The Taliban therefore believe that the old ‘mujahidin’ or at least some of them could become useful allies against Ghani and the hard-line republicans. The Taliban identify the most important pro-Ghani or ‘republican’ lobbies in the urban population, the officers of the Afghan National Defence and Security Force (ANDSF), and the wealthy elite that has benefited from the post-2001 regime. These lobbies are well entrenched as is Ghani himself. The Taliban say that they have been promised many times by Khalilzad that he would sort out the ‘Ghani problem’, but Ghani once again survived the troubled election process, seemingly ignoring the threat of aid cuts and even the threat of a de-linking of the US troops withdrawal from the intra-Afghan talks. By avoiding to commit to a complete withdrawal by May 2021, as the Taliban expected him to do over the summer, even Trump has removed a major source of pressure on Ghani: the ticking clock of a withdrawal was expected by the Taliban to ultimately force Ghani to give way to an interim government.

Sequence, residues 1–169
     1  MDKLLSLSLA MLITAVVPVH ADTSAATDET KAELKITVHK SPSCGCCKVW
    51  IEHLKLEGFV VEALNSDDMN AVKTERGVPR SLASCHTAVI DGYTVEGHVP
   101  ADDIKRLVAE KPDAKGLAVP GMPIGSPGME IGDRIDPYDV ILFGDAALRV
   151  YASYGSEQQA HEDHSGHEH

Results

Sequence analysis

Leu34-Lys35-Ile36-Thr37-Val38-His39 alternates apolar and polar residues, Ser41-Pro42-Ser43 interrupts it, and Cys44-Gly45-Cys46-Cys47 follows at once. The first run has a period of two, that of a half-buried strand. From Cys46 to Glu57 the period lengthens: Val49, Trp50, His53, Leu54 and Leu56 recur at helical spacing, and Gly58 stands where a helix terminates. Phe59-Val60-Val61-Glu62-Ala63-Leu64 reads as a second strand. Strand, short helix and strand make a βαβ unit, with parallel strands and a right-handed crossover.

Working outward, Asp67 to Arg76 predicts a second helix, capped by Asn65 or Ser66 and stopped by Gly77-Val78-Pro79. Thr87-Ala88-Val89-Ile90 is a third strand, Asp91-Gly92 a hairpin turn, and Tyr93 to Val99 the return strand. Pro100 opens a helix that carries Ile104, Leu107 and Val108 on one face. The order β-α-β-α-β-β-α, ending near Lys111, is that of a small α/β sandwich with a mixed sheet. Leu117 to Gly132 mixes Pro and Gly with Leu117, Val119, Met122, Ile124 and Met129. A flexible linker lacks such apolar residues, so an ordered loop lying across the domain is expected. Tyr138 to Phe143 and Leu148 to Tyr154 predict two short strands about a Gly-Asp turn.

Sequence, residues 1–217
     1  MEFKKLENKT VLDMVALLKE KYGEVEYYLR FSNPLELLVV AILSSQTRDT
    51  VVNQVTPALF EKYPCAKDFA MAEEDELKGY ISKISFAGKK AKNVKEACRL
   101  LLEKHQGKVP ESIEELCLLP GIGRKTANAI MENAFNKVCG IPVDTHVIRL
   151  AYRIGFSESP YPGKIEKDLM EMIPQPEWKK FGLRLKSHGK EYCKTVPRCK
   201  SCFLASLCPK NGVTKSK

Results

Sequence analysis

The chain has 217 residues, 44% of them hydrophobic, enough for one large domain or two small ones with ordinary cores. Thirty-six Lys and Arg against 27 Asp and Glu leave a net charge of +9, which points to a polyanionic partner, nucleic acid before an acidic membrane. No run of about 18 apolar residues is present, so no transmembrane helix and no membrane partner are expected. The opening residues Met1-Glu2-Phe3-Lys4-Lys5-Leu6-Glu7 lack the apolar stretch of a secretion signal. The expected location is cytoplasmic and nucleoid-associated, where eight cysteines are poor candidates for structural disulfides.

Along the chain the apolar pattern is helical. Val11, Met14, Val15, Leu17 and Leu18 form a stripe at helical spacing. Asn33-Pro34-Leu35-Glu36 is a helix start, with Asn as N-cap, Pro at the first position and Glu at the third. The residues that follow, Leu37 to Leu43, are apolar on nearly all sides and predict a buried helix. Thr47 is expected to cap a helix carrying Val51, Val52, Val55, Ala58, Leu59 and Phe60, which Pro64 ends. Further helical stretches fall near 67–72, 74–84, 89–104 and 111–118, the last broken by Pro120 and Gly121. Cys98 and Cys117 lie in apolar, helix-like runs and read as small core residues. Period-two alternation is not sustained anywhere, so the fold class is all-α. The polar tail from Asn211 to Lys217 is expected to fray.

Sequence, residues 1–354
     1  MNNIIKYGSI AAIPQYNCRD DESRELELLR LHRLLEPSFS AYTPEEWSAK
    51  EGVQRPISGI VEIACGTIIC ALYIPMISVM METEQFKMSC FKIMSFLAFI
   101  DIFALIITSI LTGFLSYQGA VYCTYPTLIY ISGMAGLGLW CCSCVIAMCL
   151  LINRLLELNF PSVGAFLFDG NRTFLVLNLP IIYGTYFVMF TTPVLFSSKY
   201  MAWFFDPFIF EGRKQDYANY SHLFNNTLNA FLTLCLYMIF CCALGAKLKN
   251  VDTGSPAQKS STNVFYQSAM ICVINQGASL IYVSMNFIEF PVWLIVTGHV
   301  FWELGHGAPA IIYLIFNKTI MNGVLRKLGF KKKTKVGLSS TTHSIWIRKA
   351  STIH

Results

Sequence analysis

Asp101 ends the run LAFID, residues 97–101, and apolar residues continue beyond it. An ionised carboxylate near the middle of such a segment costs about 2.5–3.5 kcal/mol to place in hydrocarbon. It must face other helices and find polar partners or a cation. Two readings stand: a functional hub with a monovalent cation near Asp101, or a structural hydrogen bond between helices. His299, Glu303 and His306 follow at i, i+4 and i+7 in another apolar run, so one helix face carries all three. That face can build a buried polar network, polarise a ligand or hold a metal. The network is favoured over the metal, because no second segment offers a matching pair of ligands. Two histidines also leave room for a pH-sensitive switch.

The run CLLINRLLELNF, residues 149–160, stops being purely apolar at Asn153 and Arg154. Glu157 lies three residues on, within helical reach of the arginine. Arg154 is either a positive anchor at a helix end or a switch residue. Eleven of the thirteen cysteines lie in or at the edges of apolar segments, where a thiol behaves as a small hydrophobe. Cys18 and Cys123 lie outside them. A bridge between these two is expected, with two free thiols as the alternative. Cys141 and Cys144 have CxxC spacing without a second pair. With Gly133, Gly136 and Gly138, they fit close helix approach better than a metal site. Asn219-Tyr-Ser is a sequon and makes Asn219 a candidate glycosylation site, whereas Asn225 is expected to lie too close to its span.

With no other tools of pressure left, and sceptical about the will and ability of the old ‘mujahidin’ to force Ghani out, the Taliban have at the end of the summer decided that they needed to up their military pressure, especially against the ‘republican’ constituencies. This materialised in the October 2020 offensive, which took the Taliban into Lashkargah, Kunduz and Faizabad and which also blocked the highways in several points. What was new about the attacks against the three cities was that contrary to previous raids against Kunduz in May 2020 and against Farah, Pul-I Khumri and Kunduz in August/September 2019, the Taliban did not intend to enter these cities for a few days, but stay there for weeks. Apart from the headline impact of such a widespread offensive, the message appears to have been a warning that the Taliban are ready and able to move on to urban warfare, if Ghani, the ‘republicans’ and any other opponent of making concessions to the Taliban kept dragging their feet. The rocket attacks on Kabul on 21 November, although not claimed and seemingly not carried out by the Taliban, seems to be going in the same direction, as are intensifying targeted attacks on ANDSF officers in Kabul. Sources in the Afghan intelligence and in insurgent groups suggests that the rocket attacks and many targeted assassinations were being carried out by groups operating under the direct orders of Pakistani intelligence.